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Flavor and Aroma Terminology
Bakey: An unpleasant taste caused by firing leaf at too high a temperature. Not as strong a flavor as burnt.
Biscuity: A pleasant characteristic, often associated with Assam teas. See also Malty.
Bite: The astringent pucker from tannins that is characteristic of black tea.
Body: The strength of the liquor combined with its viscosity (weight on the tongue). Body may be full, light, etc.
Brassy: An unpleasant tang caused by under-withering.
Bright: A clean, crisp, sparkling attribute characteristic of all fine teas. The opposite of dull.
Brisk: Lively, not flat.
Complex: The harmonious melange of different flavors characteristic of the very finest teas.
Dull: Muddy-looking liquor, the opposite of bright; flat-tasting.
Flat: Soft, flabby-bodied tea lacking bite and briskness.
Fruity: A piquant quality characteristic of good Oolongs, some Keemuns. Not meant to be descriptive of fruit teas.
Gone Off: Tea that’s been spoiled by improper storage or packing, is stale, or is simply past its prime.
Malty: A subtle underlying flavour often characteristic of Assam.
Peak: The high point of the tasting experience when, after the liquor has entered the mouth, its body, flavour and astringency make themselves fully felt. Green and Oolong teas do not peak: their qualities are fully revealed immediately.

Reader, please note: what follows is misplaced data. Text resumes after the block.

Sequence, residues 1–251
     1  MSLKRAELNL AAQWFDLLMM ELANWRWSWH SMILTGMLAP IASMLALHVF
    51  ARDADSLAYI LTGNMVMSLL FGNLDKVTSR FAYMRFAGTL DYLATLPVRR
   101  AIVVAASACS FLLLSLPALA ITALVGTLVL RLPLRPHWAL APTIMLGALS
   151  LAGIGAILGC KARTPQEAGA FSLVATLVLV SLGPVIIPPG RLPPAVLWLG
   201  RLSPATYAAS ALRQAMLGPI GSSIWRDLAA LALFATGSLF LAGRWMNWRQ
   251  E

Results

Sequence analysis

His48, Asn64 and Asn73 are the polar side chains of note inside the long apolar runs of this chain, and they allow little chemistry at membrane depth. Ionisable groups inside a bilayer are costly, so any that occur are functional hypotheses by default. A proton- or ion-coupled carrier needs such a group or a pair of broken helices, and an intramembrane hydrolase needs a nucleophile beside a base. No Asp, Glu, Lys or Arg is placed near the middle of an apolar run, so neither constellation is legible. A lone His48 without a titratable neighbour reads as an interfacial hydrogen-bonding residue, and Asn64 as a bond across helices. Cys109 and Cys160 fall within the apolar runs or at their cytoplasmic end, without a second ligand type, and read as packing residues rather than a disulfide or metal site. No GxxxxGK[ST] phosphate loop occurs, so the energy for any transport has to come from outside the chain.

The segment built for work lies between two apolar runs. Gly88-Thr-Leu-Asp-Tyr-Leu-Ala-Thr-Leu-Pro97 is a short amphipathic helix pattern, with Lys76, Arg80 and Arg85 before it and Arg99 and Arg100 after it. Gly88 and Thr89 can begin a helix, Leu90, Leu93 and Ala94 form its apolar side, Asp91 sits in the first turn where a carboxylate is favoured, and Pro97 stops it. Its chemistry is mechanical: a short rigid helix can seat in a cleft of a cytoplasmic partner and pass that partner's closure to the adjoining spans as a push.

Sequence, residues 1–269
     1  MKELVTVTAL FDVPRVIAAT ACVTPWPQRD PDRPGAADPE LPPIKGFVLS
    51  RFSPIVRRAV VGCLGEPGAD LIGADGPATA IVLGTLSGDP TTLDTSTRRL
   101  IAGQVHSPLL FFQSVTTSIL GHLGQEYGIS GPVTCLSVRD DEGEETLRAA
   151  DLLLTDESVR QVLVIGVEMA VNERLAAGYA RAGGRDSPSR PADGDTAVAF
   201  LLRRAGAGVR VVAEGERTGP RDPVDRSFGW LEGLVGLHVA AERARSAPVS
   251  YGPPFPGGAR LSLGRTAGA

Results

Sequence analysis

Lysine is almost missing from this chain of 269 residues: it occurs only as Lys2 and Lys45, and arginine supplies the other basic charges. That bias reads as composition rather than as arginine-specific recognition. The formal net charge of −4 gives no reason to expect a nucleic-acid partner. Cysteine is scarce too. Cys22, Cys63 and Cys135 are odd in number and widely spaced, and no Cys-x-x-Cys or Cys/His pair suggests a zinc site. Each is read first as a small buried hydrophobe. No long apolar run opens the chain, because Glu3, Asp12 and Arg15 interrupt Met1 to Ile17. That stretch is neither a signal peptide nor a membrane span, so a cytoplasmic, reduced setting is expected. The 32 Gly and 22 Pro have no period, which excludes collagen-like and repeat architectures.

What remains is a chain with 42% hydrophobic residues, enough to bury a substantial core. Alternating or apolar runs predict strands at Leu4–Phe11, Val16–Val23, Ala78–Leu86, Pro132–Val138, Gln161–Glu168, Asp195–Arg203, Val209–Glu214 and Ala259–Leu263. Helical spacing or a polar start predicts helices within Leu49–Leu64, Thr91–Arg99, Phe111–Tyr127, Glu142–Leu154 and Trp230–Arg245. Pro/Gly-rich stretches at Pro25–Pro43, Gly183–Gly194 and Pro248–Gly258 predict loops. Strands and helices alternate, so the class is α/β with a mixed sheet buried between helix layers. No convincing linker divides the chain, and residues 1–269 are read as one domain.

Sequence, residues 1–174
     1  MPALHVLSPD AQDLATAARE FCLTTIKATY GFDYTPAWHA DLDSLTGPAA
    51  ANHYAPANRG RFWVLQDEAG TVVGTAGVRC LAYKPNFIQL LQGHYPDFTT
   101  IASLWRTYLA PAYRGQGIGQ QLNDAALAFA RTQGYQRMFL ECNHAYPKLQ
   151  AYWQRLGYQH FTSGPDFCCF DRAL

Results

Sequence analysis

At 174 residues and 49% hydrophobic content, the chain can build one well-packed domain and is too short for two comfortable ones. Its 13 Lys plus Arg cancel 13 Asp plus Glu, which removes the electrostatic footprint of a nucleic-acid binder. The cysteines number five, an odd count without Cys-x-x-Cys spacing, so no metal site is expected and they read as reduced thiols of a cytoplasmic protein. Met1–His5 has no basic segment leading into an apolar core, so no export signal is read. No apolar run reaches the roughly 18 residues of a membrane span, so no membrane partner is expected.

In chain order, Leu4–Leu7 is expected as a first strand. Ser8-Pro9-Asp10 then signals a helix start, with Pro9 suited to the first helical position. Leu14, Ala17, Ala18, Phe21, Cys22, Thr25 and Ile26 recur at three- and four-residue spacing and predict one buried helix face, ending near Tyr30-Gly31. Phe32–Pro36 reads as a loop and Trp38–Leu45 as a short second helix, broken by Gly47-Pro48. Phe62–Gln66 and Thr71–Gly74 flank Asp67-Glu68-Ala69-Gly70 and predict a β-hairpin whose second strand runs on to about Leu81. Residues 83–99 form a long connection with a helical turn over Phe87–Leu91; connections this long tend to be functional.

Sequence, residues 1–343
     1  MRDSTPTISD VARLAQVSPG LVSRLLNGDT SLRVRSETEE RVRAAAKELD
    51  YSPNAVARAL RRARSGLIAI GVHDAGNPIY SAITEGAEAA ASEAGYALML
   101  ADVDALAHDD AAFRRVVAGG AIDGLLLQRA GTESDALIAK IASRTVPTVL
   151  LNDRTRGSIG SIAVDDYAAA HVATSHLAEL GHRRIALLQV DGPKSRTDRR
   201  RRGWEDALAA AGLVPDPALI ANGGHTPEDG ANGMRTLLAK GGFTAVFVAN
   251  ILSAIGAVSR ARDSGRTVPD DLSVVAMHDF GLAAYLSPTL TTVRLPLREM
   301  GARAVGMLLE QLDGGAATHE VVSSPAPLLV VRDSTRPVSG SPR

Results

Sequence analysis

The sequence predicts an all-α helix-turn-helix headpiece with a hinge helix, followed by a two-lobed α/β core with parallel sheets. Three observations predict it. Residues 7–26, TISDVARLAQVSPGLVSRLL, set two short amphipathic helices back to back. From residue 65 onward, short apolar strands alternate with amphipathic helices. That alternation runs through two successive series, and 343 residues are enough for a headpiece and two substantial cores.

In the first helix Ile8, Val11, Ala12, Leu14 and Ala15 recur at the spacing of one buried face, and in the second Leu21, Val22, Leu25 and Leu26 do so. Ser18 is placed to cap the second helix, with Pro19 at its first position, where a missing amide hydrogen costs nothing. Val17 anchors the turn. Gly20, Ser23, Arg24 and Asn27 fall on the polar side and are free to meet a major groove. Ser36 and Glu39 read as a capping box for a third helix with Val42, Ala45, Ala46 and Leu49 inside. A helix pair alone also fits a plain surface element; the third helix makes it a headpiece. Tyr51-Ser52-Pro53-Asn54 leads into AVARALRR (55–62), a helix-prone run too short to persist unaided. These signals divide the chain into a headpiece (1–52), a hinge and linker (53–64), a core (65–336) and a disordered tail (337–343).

Pointy: A liquor is said to have point if it shows a property, e.g., briskness or fine fragrance.
Pungent: Astringent. This is what gives a tea its bite.
Stewed or Stewy: A poorly fired tea that gives soft liquor without point. This is also descriptive of tea that has been brewed too long and has become bitter.
Tarry: A smoky flavor characteristic of Lapsang Souchong.
Thin: Lacking body and/or color.
Weedy: A pejorative term when descriptive of thin, cabbagey black teas. However, green teas with vegetal aromas and flavors may be called weedy in positive terms, which include simple herbaceousness to scents of new-mown hay.
Winey: A positive term when descriptive of a mellow quality that fine Darjeelings or Keemuns acquire when aged six months to a year or more. Also can be used pejoratively to describe over-fermented tea.
Brush Up On Your Tea Etiquette
|Serendipitea: A Guide to the Varieties, Origins, and Rituals of Tea, by Tomislav Podreka. Investigate how tea has pleased the world for 5,000 years. Click here for more information.
The Tea Companion: A Connoisseur’s Guide, by Jane Pettibrew. This authoritative guide to understanding, purchasing and serving the world’s finest teas is beautifully illustrated with full-color photographs of a variety of tea leaves and herbs, as well as their countries of origin. Click here for more information.
|The Book of Green Tea, by Diana Rosen. All there is to know about green tea: where it grows, how it’s processed, its history and lore, how to drink and cook with it, and how to use it for beauty and health purposes. Click here for more information.
Tea Is Served
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